Web history publishing

Page 2 – Writing for the Web

Writing for the Web

Keep it short and simple

Think of screens as short pages, 350–500 words broken up with images, sub-headings and icons. Use hypertext links to open big background documents for the more specialist user.

Test your writing with the Gunning Fog Index. This estimates how many years’ schooling are needed to readily understand the text. The lower the number, the easier the writing is to comprehend. Some sites calculate it automatically.

Make it scannable

Web users make up their minds about a page in seconds. They scan for key words and skim promising information. If your text is inviting and relevant they may read it; if not, they’re gone! Scrolling down long pages (except for technical information, which they’ll probably print out) is a big turn-off.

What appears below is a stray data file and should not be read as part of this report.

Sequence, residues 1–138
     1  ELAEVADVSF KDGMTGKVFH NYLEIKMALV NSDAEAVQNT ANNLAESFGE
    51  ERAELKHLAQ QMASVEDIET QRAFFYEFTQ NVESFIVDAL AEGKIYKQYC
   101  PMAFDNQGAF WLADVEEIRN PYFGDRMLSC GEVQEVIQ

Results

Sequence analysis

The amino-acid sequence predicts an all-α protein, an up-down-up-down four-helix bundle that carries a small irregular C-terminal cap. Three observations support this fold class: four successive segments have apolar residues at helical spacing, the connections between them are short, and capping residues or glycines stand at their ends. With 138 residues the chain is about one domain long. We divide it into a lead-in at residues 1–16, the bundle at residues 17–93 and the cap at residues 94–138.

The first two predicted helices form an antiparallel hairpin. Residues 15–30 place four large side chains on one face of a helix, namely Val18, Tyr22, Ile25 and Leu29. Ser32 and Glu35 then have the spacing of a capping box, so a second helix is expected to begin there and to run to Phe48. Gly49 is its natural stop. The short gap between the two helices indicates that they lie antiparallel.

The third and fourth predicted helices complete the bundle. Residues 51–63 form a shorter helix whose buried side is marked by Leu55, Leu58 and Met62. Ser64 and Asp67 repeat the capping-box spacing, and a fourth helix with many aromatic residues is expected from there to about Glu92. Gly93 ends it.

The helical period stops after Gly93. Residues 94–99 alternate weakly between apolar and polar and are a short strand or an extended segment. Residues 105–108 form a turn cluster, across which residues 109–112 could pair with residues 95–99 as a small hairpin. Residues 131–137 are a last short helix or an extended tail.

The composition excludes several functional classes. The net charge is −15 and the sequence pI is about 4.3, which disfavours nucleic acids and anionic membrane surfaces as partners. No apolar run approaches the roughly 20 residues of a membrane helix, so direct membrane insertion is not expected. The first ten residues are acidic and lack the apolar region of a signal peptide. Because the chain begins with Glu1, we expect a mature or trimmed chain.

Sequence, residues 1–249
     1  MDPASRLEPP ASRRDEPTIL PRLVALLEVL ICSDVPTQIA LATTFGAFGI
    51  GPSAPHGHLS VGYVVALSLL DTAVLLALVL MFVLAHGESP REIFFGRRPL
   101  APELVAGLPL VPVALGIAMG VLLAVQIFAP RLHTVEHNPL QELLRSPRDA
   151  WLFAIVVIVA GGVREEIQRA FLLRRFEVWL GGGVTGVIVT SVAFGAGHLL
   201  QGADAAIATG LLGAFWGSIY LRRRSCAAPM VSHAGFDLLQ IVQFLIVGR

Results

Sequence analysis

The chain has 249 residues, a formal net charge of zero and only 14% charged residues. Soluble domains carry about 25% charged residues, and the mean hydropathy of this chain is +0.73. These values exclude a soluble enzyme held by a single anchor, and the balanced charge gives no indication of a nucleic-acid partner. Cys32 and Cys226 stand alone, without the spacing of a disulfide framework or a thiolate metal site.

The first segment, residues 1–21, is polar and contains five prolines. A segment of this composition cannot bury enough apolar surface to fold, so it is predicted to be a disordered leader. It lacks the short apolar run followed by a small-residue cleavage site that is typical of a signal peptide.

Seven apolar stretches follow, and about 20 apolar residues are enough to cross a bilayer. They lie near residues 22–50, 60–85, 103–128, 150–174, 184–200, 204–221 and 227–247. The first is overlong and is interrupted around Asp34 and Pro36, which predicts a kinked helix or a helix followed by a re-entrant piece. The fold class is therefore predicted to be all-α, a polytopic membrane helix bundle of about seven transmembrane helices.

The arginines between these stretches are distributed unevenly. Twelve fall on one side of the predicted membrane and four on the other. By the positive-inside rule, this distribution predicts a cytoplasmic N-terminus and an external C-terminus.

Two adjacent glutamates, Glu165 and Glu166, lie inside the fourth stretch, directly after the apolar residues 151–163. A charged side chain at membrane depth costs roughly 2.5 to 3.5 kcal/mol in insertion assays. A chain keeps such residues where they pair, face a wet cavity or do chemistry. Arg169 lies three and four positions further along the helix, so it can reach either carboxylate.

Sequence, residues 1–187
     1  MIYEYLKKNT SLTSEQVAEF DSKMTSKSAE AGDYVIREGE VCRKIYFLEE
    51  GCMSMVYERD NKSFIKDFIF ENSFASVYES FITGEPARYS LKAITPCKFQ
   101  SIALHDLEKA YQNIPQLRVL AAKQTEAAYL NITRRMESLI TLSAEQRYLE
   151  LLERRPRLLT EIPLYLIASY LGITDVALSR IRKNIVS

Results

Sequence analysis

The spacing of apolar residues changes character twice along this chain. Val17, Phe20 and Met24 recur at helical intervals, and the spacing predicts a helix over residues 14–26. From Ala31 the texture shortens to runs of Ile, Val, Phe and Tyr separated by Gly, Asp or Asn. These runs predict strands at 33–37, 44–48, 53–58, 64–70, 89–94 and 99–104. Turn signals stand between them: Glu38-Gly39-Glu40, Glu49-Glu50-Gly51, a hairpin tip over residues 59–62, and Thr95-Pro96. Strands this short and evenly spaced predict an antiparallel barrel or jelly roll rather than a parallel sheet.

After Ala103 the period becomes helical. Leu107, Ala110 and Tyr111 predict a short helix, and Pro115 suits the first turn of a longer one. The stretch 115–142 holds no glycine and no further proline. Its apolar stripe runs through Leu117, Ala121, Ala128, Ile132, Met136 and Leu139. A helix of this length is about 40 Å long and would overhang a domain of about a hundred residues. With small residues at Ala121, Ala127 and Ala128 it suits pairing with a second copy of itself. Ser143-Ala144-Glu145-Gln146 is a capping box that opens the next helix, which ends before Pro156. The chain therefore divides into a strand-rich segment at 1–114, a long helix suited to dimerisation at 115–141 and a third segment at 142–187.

Put key information in sub-heads. The first two or three words in a line are important since most users scan down the left-hand side of the screen. Keep your writing short without sounding staccato. Use bullet points for lists or processes.

People enter websites via search engines. Do not assume they will enter page one first or read from page one to page two. As you do not know which page of your site users will enter, make each page as self-contained as possible, and make navigation structures clear.


How to cite this page

'Writing for the Web', URL: https://nzhistory.govt.nz/hands/web-history-publishing/writing-for-the-web, (Ministry for Culture and Heritage), updated 17-May-2017